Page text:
Psychologist Linda Caldwell of Penn State University has argued that the last several cohorts of children are under-prepared for using their free time in ways that make them happy. We learn to find things we enjoy through experience–by doing things we like, by noticing that some things make us feel better than others (we like playing kickball or playing video games or reading), and by choosing to do the things we find fun (making a video rather than scrolling Tik Tok).
In other words, it follows the same model of behavior that Bandura argues underlies all our behavior: To choose good leisure, we have to want it, know what to do to get it, believe we can do it, and think it’s worth the effort .
One problem, Caldwell has argued, is that often kids don’t know how to create leisure activities for themselves. Many have spent their early years in group settings where their daycare providers and preschool teachers have created fun activities for them. They move to schools with scheduled activities afterward. As teens, they are either scheduled (and don’t need to create leisure for themselves) or dumped into situations where they have lots of free time and don’t know what to do with it. So they fall back on things they know–and things we sometimes do. They scroll and text. They watch videos. They hang out. Good things–but usually effective boredom controls over the long haul.
What to do?
Parents can help scaffold effective leisure activities by using boredom as a prompt for more effective behavior.
- Help them notice their emotional state. When you see them lost in a video game or enjoying playing with the cat, help them notice that they seem to be having fun. When they seem bored with an activity or unhappy scrolling–one more time–through Instagram, tell them they seem bored and suggest an activity or three they may like better.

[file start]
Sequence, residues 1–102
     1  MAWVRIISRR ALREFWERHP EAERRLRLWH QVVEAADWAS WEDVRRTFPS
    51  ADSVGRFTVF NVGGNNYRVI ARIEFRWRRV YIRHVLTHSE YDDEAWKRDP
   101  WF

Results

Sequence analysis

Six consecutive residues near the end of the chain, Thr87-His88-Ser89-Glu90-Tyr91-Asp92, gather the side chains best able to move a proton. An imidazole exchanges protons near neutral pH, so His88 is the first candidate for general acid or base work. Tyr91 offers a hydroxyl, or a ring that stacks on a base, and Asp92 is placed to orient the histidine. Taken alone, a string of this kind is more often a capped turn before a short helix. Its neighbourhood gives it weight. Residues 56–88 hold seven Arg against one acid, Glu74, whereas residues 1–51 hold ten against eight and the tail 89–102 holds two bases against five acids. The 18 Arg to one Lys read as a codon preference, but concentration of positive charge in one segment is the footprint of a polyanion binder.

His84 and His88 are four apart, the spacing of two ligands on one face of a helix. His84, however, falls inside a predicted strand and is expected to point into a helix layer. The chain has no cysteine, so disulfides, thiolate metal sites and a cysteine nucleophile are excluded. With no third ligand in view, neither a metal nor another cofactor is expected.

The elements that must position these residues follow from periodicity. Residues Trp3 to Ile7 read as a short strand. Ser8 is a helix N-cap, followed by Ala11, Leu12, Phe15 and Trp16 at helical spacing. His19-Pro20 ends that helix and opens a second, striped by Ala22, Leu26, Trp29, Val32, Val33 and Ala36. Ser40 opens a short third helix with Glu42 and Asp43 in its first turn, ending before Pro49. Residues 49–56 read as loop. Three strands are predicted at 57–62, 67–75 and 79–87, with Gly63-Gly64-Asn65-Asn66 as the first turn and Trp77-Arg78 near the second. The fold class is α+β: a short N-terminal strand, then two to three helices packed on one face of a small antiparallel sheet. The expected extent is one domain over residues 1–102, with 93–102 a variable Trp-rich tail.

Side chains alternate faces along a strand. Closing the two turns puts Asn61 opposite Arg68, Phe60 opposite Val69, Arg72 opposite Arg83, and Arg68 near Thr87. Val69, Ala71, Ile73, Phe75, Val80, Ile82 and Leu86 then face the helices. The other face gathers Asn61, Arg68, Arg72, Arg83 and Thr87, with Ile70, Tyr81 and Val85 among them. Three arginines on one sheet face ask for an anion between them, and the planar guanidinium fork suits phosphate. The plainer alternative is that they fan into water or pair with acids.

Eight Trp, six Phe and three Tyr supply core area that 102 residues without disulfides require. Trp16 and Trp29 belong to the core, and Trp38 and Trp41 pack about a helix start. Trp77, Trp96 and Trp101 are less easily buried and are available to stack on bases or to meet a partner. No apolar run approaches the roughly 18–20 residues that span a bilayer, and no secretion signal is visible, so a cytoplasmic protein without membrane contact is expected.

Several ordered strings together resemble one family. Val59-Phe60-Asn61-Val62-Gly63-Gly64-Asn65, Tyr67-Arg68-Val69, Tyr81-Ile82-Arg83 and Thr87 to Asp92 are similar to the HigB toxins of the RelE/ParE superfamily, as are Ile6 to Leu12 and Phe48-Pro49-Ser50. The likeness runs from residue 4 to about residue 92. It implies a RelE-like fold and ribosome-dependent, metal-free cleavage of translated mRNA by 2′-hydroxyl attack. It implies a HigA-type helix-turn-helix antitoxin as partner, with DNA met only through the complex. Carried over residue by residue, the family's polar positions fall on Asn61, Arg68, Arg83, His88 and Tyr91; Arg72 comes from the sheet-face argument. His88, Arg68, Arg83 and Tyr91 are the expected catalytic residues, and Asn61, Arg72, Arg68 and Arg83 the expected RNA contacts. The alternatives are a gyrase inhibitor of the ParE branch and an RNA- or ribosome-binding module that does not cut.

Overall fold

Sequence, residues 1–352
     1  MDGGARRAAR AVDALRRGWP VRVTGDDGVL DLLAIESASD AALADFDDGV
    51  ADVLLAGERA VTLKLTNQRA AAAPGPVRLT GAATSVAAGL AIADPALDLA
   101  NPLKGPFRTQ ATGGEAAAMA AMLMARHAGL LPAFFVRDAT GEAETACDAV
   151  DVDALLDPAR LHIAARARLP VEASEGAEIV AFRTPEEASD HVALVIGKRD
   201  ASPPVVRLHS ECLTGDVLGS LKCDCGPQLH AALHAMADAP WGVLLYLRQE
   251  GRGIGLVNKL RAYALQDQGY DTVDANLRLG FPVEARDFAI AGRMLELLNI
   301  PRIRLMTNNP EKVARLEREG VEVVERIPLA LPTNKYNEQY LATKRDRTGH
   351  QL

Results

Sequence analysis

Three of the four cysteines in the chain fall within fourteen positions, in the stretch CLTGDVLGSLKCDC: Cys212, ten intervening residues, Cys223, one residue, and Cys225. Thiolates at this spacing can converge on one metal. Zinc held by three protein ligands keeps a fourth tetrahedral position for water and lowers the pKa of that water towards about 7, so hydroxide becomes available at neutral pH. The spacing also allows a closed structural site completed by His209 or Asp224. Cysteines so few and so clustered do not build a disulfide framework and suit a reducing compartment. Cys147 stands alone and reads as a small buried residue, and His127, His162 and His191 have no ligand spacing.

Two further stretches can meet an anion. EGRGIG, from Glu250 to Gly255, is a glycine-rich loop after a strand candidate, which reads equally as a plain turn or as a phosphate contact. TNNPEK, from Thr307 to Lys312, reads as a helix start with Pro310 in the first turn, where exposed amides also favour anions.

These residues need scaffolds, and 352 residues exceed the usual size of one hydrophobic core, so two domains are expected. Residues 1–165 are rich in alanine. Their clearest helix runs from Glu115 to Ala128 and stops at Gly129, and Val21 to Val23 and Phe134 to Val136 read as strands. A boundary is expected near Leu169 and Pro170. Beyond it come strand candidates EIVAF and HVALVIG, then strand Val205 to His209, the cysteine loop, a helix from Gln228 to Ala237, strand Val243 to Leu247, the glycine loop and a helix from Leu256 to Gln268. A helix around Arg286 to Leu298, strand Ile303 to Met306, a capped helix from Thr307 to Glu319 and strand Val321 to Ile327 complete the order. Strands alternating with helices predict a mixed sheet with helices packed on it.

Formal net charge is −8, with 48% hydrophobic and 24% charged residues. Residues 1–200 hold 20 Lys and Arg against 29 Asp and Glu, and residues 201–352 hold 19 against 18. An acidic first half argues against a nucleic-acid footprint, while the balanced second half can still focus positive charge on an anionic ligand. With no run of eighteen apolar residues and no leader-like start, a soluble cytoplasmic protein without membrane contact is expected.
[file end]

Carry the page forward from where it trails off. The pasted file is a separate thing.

- When we see kids are bored or over-using certain forms of leisure that don’t seem to make them happy, we push them a little. Help or encourage them to make short videos instead of just watching them. Nudge them to write a character sheet instead of just finding one.
- Nudge them towards a hobby or club. Art materials include coloring books, painting rocks, playing pickleball, bird watching, journaling, dog training, reading, and vlogging. There are a surprising number of summer activities out there: scouts, church groups, volunteer opportunities, and libraries, Cosplay has huge online communities. It’s not just preschoolers who like to dress up.
- Have them call a friend and help them get together. Offer to take them someplace or help them do something. Teach them to make a cake or make a special salad. Let them cook dinner or make chocolate fudge sauce.
- Pull out old toys–legos are infinitely flexible. Give them an ironic teenage twist.
My brother, the teacher, thinks that most kids learn to become fluent readers because they are so bored they are stuck with a book that is better than nothing. I know that’s why I spent a lot of time picking up new musical instruments and drawing or riding my bike. It was something to do.
Use boredom as a spur to action. Figuring out what to do that makes you happy is a skill that can last a lifetime.